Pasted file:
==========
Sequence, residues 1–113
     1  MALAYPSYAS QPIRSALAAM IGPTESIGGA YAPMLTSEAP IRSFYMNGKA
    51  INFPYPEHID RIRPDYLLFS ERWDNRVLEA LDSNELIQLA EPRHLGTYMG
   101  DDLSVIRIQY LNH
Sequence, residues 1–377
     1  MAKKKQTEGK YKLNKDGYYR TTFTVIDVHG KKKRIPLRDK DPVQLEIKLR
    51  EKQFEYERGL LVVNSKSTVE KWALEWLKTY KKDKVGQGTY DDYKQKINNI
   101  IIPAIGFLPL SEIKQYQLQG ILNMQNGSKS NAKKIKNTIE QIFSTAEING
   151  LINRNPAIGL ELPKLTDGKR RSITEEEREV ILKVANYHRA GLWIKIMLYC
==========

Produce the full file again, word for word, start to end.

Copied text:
Sequence, residues 1–113
     1  MALAYPSYAS QPIRSALAAM IGPTESIGGA YAPMLTSEAP IRSFYMNGKA
    51  INFPYPEHID RIRPDYLLFS ERWDNRVLEA LDSNELIQLA EPRHLGTYMG
   101  DDLSVIRIQY LNH
Sequence, residues 1–377
     1  MAKKKQTEGK YKLNKDGYYR TTFTVIDVHG KKKRIPLRDK DPVQLEIKLR
    51  EKQFEYERGL LVVNSKSTVE KWALEWLKTY KKDKVGQGTY DDYKQKINNI
   101  IIPAIGFLPL SEIKQYQLQG ILNMQNGSKS NAKKIKNTIE QIFSTAEING
   151  LINRNPAIGL ELPKLTDGKR RSITEEEREV ILKVANYHRA GLWIKIMLYC